A City of Sadness : As part of the BFI's commitment to the promotion and evaluation of contemporary cinema, and in conjunction with the influential BFI Film Classics series, BFI Modern Classics is a series of books devoted to individual films of recent years. Distinguished film critics, scholars, and novelists explore the production and reception of their chosen films in the context of an argument about the film's importance. Insightful, considered, often impassioned, these elegant, beautifully illustrated books have set the agenda for debates about matters in modern cinema.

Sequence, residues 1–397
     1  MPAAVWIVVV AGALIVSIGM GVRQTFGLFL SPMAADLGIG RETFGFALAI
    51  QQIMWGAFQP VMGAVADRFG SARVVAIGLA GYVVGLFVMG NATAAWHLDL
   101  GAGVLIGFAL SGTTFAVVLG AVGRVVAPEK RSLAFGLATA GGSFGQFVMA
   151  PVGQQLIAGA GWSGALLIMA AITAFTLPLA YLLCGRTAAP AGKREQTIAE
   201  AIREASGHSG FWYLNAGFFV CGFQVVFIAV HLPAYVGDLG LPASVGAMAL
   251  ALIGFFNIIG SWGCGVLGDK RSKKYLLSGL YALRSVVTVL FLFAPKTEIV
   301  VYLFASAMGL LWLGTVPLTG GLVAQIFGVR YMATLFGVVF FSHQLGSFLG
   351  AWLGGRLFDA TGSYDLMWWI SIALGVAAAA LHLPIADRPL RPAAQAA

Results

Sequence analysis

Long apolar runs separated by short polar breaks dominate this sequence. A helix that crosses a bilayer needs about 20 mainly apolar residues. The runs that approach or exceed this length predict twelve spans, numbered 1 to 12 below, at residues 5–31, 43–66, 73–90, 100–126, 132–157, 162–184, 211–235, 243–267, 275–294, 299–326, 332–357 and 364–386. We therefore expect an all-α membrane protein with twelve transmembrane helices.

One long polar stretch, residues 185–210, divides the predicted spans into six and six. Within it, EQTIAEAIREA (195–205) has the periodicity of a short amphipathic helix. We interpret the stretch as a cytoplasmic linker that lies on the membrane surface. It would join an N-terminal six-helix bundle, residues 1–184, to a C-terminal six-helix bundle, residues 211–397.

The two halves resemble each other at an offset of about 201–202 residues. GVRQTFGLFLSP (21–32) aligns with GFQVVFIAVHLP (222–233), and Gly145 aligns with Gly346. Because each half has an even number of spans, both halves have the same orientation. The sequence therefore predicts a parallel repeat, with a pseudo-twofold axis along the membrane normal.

Winner of the Golden Lion in Venice in 1989, A City of Sadness introduced Western audiences to the richness of New Taiwanese Cinema. Its director, Hou Hsiao-Hsien, is now recognized as one of the most profoundly original auteurs in contemporary cinema. A City of Sadness revisits a painful episode in recent Taiwanese history, creating an elliptical and impressionistic picture of Chiang Kai-shek's take-over of the island after the defeat of his Kuomintang army by Mao Zedong. Taiwan's politics and the suffering of its inhabitants are invoked by Hou in the story of an extended family of four brothers. The first Taiwanese film shot in direct sound, A City of Sadness echoes the forgotten voices of ordinary people facing political repression.
Berenice Reynaud deciphers the complex social and historical threads that come together in the film while analyzing its aesthetics in the context of Hou's entire career.